U.N. envoy Kofi Annan said he and President Bashar al-Assad agreed on Monday on an approach to Syria's conflict that he would now take to the opposition, as Russia, Assad's main protector, distanced itself further from him.
Russia will halt arms shipments to Syria, a senior defense official in Moscow said Monday, more than a year and half into an uprising in the Middle Eastern country that has killed at least 16,000 people, mostly civilians.
Widely criticized for supporting the bloody Assad regime and thwarting all efforts by the United Nations to condemn Damascus, the Russians may finally be heeding warnings that it must stop enabling the bloodshed.
Vyacheslav Dzirkaln, deputy chief of the Russian military and technical cooperation agency, said Russia will not agree to any more arms agreements with Syria until the current crisis abates.
Russia's President Vladimir Putin also said that both sides of the Syrian conflict must enter into peace negotiations.
"I am convinced that we must do everything possible to force the conflicting sides to find a peaceful political solution to all the disputed issues," Putin said Monday, following a meeting between Russian Foreign Ninister Sergei Lavrov and a senior Syrian opposition leader, Michel Kilo, in Moscow.
Annan, after meeting with Assad, flew on to Iran for talks with the main regional ally of Damascus, Reuters reported.
The former U.N. secretary general is trying to rescue his six-point peace plan, which was worked out with the Syrian government and rebels in April but faltered because the ceasefire it was supposed to begin with never took hold.
Major powers agreed at a meeting with Annan on June 30 that a transitional government should be set up in Syria, but remain at odds over what part Assad might play in the process.
"I just had a positive and constructive discussion with President Assad," Annan said before leaving for Tehran.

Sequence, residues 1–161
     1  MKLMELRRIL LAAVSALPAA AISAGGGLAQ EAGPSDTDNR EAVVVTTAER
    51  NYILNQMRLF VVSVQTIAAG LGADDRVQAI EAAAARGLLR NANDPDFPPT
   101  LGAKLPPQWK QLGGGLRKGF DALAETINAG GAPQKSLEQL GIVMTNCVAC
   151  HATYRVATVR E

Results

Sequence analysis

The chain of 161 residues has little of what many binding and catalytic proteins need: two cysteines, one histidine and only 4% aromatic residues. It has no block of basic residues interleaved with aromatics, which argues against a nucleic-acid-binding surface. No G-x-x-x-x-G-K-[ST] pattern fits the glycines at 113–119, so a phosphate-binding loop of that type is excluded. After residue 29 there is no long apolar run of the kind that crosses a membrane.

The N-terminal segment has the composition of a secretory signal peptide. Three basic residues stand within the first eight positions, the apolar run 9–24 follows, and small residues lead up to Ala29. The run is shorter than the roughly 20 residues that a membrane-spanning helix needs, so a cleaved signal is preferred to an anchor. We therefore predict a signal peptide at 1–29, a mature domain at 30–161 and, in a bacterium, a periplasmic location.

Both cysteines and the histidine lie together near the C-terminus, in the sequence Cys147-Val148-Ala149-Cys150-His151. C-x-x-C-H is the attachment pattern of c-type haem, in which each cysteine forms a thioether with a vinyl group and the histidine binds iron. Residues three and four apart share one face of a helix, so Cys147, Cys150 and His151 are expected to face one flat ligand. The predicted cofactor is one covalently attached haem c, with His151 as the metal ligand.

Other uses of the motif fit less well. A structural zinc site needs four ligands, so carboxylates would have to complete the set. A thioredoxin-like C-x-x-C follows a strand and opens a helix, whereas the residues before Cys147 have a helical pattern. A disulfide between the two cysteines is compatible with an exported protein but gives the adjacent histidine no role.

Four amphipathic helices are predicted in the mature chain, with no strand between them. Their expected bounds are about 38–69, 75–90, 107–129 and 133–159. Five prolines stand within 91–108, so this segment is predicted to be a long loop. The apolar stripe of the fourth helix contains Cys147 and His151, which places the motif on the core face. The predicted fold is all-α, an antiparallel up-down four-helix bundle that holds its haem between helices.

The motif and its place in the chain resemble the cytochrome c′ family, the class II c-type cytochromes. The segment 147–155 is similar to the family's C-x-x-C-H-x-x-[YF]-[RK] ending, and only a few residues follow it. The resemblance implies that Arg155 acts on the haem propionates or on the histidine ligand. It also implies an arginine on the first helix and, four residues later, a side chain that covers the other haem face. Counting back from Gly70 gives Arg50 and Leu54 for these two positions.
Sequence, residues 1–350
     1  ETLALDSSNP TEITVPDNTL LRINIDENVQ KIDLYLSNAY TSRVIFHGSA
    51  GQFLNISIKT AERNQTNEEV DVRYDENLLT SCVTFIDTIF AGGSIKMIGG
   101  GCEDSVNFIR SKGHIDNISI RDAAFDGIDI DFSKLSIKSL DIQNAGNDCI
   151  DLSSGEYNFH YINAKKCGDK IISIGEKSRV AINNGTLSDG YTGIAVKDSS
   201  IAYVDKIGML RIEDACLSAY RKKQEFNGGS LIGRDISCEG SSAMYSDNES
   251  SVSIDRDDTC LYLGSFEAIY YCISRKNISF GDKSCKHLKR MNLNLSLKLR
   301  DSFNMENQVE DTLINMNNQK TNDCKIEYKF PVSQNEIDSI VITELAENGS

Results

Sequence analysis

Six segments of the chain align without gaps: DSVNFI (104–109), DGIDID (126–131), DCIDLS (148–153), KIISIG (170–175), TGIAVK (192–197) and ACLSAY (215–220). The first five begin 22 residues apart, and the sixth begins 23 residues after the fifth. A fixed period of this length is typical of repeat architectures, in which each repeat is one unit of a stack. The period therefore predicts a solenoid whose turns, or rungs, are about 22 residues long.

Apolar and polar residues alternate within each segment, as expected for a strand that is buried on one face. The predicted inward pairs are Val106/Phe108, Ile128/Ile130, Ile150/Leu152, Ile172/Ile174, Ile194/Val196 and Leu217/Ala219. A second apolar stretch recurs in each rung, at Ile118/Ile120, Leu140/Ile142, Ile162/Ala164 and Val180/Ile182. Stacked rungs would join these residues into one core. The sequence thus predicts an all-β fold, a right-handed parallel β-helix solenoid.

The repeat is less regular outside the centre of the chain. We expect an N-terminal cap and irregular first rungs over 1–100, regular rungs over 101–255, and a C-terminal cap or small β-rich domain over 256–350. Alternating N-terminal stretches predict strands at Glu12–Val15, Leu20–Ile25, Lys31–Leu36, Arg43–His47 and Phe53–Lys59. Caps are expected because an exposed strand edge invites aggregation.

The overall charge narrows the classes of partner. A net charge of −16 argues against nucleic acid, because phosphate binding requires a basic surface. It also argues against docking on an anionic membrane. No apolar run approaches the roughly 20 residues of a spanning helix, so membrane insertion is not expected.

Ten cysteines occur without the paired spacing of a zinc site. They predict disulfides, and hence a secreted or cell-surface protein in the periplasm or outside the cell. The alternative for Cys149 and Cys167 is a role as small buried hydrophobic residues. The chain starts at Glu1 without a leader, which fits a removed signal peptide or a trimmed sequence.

"We discussed the need to end the violence and ways and means of doing so," Annan told reporters in Damascus, according to The New York Times. "We agreed on an approach which I will share with the armed opposition. I also stressed the importance of moving ahead with a political dialogue, which the president accepts."
He gave no details, but again stressed the importance of halting violence that has killed more than 15,000 people in 16 months, by an opposition count.
Syrian Foreign Ministry spokesman Jihad Makdissi said in a Twitter message: "In both meetings we reassured Annan of Syria's commitment to implement the 6-point plan and hoped (the) other side is mutually committed."
In a German TV interview on Sunday, Assad said he remained committed to Annan's plan and accused the United States, Saudi Arabia, Qatar and Turkey of supplying arms and logistical support to insurgents fighting to end 42 years of Assad family domination.
"We know that (Annan) is coming up against countless obstacles but his plan should not be allowed to fail, it is a very good plan," he told Germany's ARD network.
"The main obstacle (is) that many countries don't want (it) to succeed. So they offer political support and they still send armaments and send money to terrorists in Syria."
A delegation of opposition figures representing the Syrian National Council, the main anti-Assad umbrella group, traveled to Moscow at the invitation of the Foreign Ministry.
"The Russians should know that the regime has now become a threat not just to Syria but also a threat to the security of the region, and we have started seeing that in Lebanon and Turkey," George Sabra, a member of the delegation who represents Syria's Christian community, told the Times.
Sabra said: "Of course, the main headline of this visit is to prepare for what is next. Why would the Russians want to meet with the opposition? Why would they want to build new relations? There are preparations for a new era."
Samir Nachar, another delegation member, said that "we felt a shift in the Russians' position" during a meeting in Paris last week of the so-called Friends of Syria group of anti-Assad Arab and Western countries. "Friends told us to visit Russia to test this change, and we also got an invitation."
Nachar added: "We will not accept any solution the Russians will propose unless Assad leaves."
A member of the council, speaking on the condition of anonymity, following diplomatic protocol, told the Times the delegation was bringing a list of 53 Syrian officials -- headed by Assad -- who would have to go for a political transition to work.
Anti-Assad activists in Syria reported army shelling and clashes with rebels on Monday in Deir al-Zor, Deraa, Homs, Aleppo and a neighborhood of Damascus. Residents reported the sound of gunfire in the capital. An activist website said more than 100 Syrians were killed on Sunday, most of them civilians.
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